Maybe it’s just something about the number 13, but it’s shaping up to be a strange year for iOS releases. First there was Apple’s decision to split out the iPad version of the operating system from the iPhone and iPod touch versions, dubbing it “iPadOS” — a reasonable choice considering how far the tablet has been diverging from the smartphone in terms of advanced UI features — then there was the mysterious release of iOS 13.1 betas to testers late last month, weeks before iOS 13.0 was scheduled to see the light of day.
For the first time ever, Apple also declined to make any significant mention of its iOS update during yesterday’s keynote. Granted, Apple did highlight all of the new features back at WWDC in June, but in every other year, it’s provided another recap of what’s coming during its fall iPhone event to help whet people’s appetites prior the wider public release. Of course, Apple has a lot of ground to cover, since this year wasn’t only about new hardware products, but also its new Apple Arcade and Apple TV+ services, so it may have simply been an omission for time, but we also suspect that Apple wanted to avoid trying to explain the weird iOS 13 release cycle.
After the event, Apple’s press release and web site made it clear that iOS 13 would be arriving around the usual time — September 19th, just before the new iPhones land in people’s hands — but also that iOS 13.1 is already scheduled for release less than two weeks later, on September 30th. Further, although iPhones (and the iPod touch) will get their iOS 13 updates next week, iPadOS is being delayed until the later date, suggesting that we probably won’t see an iPadOS 13, but rather a jump straight to 13.1. Not at all coincidentally, this is also the date that the new 10.2-inch iPad is expected to arrive.
During the keynote, Apple did mention a few features, such as Deep Fusion on the iPhone 11 Pro that wouldn’t be coming until “later this year” but didn’t specify any actual release date, leaving us originally to wonder whether this was simply an iOS 13.1 thing, or something that would be held off until later.
Well, it turns out that this feature — and many others promised for iOS 13 — may not actually see the light of day until at least iOS 13.2.
To be fair, this is far from the first time Apple has announced features for a major iOS release, but actually delayed them to a point release. It first happened in a very subtle way in 2015, with Apple Pay and iCloud Photo Library arriving in iOS 8.1, and then again in 2016 with the iPhone’s new Portrait Mode, which was announced alongside on stage alongside the iPhone 7 Plus, but didn’t arrive until iOS 10.1 a few weeks later — and only in “beta” at that point.
Those initial delays were relatively minor, however, focused on one or two features, and usually only resulted in a delay of a few weeks. It became more significant in iOS 11, when the promised Messages in the Cloud feature failed to make an appearance until iOS 11.4, released eight months later. As Daring Fireball’s John Gruber pointed out when the first iOS 13.1 beta appeared, major iOS announcements are clearly becoming a “roadmap” for the entire family, not necessarily what’s going to appear in the fall.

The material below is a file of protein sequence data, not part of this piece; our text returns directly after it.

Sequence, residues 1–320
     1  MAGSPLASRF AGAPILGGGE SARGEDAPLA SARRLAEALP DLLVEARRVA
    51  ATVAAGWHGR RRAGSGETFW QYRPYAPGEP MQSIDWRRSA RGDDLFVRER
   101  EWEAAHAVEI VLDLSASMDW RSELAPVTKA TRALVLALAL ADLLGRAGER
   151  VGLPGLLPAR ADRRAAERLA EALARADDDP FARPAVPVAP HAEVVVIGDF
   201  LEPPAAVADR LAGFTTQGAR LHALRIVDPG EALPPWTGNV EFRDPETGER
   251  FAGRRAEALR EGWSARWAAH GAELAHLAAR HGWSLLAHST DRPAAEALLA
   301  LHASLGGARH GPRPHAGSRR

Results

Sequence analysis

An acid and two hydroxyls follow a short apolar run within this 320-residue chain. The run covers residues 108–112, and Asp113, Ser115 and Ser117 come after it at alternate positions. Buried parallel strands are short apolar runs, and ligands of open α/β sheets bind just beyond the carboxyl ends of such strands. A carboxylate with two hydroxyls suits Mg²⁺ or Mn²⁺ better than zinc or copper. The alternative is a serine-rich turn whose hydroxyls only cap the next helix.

Basically, I think we need to get used to WWDC announcements being a roadmap for the next year of OS releases, not a list of what’s going to ship in the initial dot-zero release in the fall.John Gruber, Daring Fireball
“Later This Fall”
This year, however, it looks like there will be a lot of features that Apple is pushing out not only beyond iOS 13.0, but even beyond iOS 13.1. In fact, Frederico Viticci of MacStories has published a list, noting many features that were announced at WWDC that won’t be making it into the final iOS 13.0 or 13.1 releases.
Some of these features were found in the early iOS 13.0 betas before being pulled, with some not even making it as far as the first public beta. These include things like audio sharing, announcing messages via AirPods, and Screen Time communication limits, all of which have been missing in action since at least July.
iCloud Drive folder sharing is a feature that Apple had to reverse direction on last month, after developers and public beta testers discovered that they had actually lost data in iCloud. The feature clearly wasn’t ready for prime time, and also resulted in some debate as to whether Apple should be treating iCloud itself as a “beta” platform.
Others, like HomeKit secure video and routers, are going to require new products to support these features anyway, so it’s unlikely their absence will be felt in the near term. However, it seems that Apple has pulled back on all of its HomeKit improvements — other than simple UI changes in the Home app — as the support for incorporating HomeKit and AirPlay 2 in scenes and automations also won’t be coming until later on either.
It also looks like Apple has delayed most of the HomePod’s marquee new features for later this fall as well. According to Apple’s updated HomePod page, the new radio stations feature will be available on September 30th, likely as part of the iOS 13.1 release, but everything else that’s coming — multi-user voice recognition, handoff support, and an ambient noise feature — won’t be arriving until sometime later this year.
Although some will surely be disappointed in having to wait for some of these features, there’s enough already coming in iOS 13 (and iOS 13.1) to make for some pretty significant releases, and it’s hard to argue that having a stable iOS 13 release isn’t far more important than packing it with features that may not yet be ready for prime time.